5 Debt Cutting Strategies That Actually Work
Almost all debt is bad. If the debt isn’t towards an investment that yields a positive ROI, it’s bad debt. And even if your debt is around an investment, you’ll eventually have to pay it off.
Debt has the ability to snowball if you don’t properly manage it. And plenty of big purchases encourage massive debt. Many people spend years paying off their car only to end up buying a new one so they stay in style.
Similarly, homeowners will spend decades paying their mortgage. Unlike a car, a house is an asset that can increase in value overtime which gives you a fighting chance at a positive ROI.
In any event, debt can add up, and if you’re looking to cut down, here are 5 strategies that will get you on the right track.
#1: Track All Of Your Expenses
You can’t get out of debt unless you change your mindset, and this is the best activity for changing your money mindset. You’ll get a better idea of where your money goes and cost cutting opportunities.
If you eat out often, consider making more meals at home. This will help you save some money. While it won’t be a game changer for everyone, it is a step in the right direction. Each person’s expenses will be different, but finding areas of excess, no matter how big or small, gets you closer to being debt free.
If you aren’t in debt, this is still a great strategy as it will decrease your chances of getting deep into debt (excluding a mortgage and car payment. Buying a used car is worth it).
#2: Rank Your Debt By The Interest Rates
Let’s say you have a few debts to pay. Perhaps you have student loans, a mortgage, a car payment, and a credit card. Where should your $50 go?
You’ll have minimum payments for some of your debt such as a monthly mortgage, but after making the minimum payments, where should the remaining money go?
That’s where it’s important to look at interest rates. If you have a 3% interest rate on your mortgage, it means you’ll have to pay an extra $3 for every $100 you put into that mortgage.
However, if you have a 15% interest rate on your credit card, you’ll pay 5 times as much for every $100 in credit card debt versus your mortgage debt.
Therefore, it makes sense to put excess money into the credit card debt until it’s paid off.
One thing you may consider is taking out a HELOC (home equity line of credit) to pay off the credit card debt. The HELOC will have a lower interest rate than the credit card debt which will make it easier to pay off over time.
In any event, using an extra $50 to pay off the debt with a 15% interest rate does you more good than using that same extra money to pay off the debt with a 3% interest rate.
#3: Live Below Your Means
There are only two ways to pay down your debt faster. The first way is to make more income. You ask for the raise, start the side hustle, or launch your own product.
The second way to pay down your debt faster is to live below your means. Tracking your expenses allows you to discover opportunities to trim down your expenses so you can do a better job at living below your means.
Living below your means doesn’t mean having a worse life. It means getting clear about what matters in your life and not giving into good marketing from companies that will eagerly take your extra dollar. It’s reduction of the things that don’t matter and an embrace of simplicity.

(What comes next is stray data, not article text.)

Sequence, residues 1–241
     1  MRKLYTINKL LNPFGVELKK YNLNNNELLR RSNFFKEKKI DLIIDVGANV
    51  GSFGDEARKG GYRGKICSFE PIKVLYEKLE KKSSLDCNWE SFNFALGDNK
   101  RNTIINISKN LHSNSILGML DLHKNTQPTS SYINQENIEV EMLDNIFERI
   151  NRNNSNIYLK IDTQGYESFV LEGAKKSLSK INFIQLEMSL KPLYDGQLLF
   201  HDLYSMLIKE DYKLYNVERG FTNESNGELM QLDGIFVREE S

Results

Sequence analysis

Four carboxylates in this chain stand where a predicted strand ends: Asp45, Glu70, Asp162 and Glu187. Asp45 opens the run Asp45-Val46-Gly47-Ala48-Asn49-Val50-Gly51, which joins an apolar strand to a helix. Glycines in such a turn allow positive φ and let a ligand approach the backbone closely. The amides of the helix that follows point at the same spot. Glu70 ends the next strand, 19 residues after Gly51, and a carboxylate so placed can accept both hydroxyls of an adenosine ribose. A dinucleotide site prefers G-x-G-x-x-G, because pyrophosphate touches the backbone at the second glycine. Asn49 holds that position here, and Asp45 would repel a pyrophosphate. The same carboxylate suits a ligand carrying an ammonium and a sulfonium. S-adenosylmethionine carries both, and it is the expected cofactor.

#4: Bite Into The Principal Amount
If you keep paying the interest payments without getting into the principal, you’ll continue to owe interest. The only way out of debt is to make the principal equal zero. You can speed up the process by paying off some of your principal before the interest is due.
A great money hack for paying off your mortgage quicker is to pay an extra $50 each month. If your monthly payment is $1,000, you make that minimum payment and then pay an additional $50.
That additional $50 bites at the principal and doesn’t get interest. That means you won’t have to pay the extra $1.50 based on the 3% interest rate. Do this each month, and you’ll save an annualized $18 from interest payments. It may feel small, but it will add up overtime, especially if you find an extra $100 each month to put into your mortgage.
This concept becomes more valuable for credit card debt. The extra $50 you put in to pay down your principal won’t be charged with the 15% interest rate, saving you $7.50 in interest payments. If you put a few zeroes next to these numbers, you’ll see how biting into the principal amount makes a big difference.
Biting into the principal is the only way to pay your way out of debt, so get good at it now with the extra money you have.
#5: Invest Some Of Your Money
Mark Zuckerberg still pays the mortgage for one of his properties because it’s got a measly interest rate under 2%. You might want to invest some of your money into assets that rise higher than the interest rate of your debt.
If you have a 3% interest rate on your debt, and you can get a 10% return in one year, it would make sense to get the return from your investment and then use those proceeds to chip away at your debt.
You shouldn’t do this with every dollar you make because investments can go down as well, but if you set aside some cash for this purpose, you can weather some of the storms along the way.
You can also invest in dividend stocks and use that cashflow to help with paying some of your debts.
And if you have a property, treat it like an investment. Consider a short-term tenant to help pay the mortgage or listing one of your rooms on Airbnb. Even if you just break even on your home, it removes a big debt for each month you’re able to break even.
Getting out of debt is a journey, and even when you get out of debt, keeping an eye on your finances will ensure that you don’t fall back into debt.